More broadly, with mental health issues and concerns increasing over the last decade, "both colleges and universities honestly in our nation as a whole are under-resourced for addressing mental health," Abelson said. 

Graduation outcomes tied to mental health: study

Investing in mental health resources can also pay dividends in other outcomes that colleges focus on, such as graduation rates. 

In a 2009 article in the B.E. Journal of Economic Analysis & Policy, researchers found that depression is a significant predictor of lower GPA and also indicated a higher probability of dropping out, especially among students who have an anxiety disorder. While a quarter of students with GPAs below 3.0 who had symptoms of a mental health problem dropped out, only 9% of students without mental problems with the same GPA did so.

The study said that there could be "potentially large economic returns" if colleges invested in the prevention and treatment of mental health problems. 

"It is in the best interest of schools to address and support student mental health because mental health is tied to academic success, to retention, and to many lifelong outcomes that colleges and universities care about for their students," Abelson said.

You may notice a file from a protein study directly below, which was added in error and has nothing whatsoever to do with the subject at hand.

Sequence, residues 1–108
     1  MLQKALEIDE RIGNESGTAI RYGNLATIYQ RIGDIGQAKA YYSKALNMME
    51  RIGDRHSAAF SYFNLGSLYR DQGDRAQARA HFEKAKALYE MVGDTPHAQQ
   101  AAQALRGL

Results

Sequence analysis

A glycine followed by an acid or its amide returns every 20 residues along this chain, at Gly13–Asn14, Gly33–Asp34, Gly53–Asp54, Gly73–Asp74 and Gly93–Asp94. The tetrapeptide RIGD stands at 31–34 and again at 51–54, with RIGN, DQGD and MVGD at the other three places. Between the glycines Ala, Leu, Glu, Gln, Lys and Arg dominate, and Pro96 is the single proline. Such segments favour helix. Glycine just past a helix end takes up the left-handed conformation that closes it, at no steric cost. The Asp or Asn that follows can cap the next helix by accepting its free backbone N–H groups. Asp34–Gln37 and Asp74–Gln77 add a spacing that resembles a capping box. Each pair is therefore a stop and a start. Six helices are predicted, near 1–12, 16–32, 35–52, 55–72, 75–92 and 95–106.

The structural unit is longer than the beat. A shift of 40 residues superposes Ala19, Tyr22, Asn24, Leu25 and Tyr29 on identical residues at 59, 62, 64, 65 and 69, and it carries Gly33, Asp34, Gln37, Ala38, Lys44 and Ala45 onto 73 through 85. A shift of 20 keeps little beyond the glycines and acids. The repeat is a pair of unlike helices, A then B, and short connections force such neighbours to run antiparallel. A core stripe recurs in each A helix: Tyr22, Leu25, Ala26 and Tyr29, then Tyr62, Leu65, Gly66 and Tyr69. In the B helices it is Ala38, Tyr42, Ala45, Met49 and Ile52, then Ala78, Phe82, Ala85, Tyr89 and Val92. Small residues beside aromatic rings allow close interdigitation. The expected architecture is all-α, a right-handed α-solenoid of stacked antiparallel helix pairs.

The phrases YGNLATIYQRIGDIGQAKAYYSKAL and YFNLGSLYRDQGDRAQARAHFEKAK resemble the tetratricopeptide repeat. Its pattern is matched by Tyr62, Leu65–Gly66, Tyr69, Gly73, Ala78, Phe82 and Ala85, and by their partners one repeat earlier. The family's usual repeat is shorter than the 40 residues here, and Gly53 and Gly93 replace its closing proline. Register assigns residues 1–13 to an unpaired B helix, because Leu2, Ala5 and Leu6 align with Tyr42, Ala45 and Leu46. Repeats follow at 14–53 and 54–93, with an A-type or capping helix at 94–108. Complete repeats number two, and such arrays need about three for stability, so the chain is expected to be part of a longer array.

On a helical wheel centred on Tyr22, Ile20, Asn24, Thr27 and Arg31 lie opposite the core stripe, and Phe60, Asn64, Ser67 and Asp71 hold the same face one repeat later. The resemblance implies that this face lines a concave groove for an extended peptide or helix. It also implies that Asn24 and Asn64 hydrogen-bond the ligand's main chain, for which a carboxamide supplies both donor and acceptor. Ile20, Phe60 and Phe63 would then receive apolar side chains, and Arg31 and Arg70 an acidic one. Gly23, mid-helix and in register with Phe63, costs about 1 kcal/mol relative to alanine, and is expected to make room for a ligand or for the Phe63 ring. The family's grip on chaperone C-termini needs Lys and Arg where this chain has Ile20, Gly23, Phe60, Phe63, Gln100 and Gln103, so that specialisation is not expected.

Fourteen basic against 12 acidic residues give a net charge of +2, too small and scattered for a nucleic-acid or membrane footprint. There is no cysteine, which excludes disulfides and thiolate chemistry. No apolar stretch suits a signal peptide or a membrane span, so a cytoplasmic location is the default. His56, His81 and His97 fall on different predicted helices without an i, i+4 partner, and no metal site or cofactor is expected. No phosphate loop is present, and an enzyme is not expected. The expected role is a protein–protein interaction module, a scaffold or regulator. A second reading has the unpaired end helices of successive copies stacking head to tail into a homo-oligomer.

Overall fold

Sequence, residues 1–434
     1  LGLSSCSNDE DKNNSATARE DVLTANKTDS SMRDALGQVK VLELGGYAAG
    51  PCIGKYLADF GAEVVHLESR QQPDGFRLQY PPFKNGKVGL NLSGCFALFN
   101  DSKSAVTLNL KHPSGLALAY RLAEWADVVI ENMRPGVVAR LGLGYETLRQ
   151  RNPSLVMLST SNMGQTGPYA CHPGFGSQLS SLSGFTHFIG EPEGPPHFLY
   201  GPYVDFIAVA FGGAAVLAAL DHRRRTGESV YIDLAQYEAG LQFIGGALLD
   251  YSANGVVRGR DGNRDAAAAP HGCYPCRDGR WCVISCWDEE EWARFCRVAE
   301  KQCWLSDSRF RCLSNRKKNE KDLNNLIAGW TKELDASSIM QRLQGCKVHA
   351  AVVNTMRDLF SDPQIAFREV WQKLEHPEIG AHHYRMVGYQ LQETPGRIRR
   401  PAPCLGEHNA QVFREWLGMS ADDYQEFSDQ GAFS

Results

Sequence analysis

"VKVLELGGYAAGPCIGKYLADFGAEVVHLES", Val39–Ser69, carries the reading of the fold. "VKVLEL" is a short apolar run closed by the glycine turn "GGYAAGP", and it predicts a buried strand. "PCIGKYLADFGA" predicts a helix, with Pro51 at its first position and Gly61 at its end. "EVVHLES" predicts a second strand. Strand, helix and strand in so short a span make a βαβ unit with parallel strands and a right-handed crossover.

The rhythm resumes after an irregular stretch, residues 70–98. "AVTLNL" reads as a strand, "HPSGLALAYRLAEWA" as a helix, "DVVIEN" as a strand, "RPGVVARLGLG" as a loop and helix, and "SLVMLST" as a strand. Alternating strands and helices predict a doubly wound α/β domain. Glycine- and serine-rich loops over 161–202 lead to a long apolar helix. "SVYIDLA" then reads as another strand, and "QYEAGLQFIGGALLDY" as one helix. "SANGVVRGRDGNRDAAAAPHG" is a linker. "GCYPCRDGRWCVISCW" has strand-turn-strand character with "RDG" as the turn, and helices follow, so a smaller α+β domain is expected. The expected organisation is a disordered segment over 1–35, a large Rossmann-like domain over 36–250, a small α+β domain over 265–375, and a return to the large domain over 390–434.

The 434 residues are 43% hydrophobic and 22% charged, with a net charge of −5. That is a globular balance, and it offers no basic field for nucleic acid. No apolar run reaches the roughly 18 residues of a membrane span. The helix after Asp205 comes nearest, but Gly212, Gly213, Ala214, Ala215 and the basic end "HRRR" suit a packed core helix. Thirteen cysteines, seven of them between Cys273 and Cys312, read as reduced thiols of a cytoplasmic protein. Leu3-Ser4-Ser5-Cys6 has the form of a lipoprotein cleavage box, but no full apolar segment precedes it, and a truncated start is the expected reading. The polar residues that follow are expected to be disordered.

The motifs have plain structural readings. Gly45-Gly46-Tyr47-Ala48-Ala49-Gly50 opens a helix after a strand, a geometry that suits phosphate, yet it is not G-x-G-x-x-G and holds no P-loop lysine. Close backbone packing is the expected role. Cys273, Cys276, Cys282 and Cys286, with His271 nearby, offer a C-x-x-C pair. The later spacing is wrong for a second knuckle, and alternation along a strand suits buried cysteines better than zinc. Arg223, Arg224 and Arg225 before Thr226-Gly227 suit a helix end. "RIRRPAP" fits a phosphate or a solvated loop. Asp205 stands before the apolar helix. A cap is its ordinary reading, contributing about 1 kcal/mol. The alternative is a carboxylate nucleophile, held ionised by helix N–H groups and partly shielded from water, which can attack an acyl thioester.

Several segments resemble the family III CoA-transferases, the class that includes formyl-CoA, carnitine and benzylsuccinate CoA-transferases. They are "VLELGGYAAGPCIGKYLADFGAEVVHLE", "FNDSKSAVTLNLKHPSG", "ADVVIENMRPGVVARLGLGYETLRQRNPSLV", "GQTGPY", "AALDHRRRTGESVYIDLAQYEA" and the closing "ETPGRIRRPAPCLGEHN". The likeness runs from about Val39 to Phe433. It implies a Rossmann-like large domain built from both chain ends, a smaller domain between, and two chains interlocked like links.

Boston, MA - August 26: An graduating army veteran, center, is recognized for her service during the 53rd Commencements of the University of Massachusetts Boston at TD Garden in Boston, MA on August 26, 2021. UMass Boston held two ceremonies to celebrate the Class of 2021 and also the Class of 2020, which didn't have a traditional in-person graduation due to the COVID-19 pandemic. (Photo by Craig F. Walker/The Boston Globe via Getty Images)
UMass Boston held two ceremonies to celebrate the Class of 2021 and also the Class of 2020, which didn't have a traditional in-person graduation due to the COVID-19 pandemic. (Photo by Craig F. Walker/The Boston Globe via Getty Images)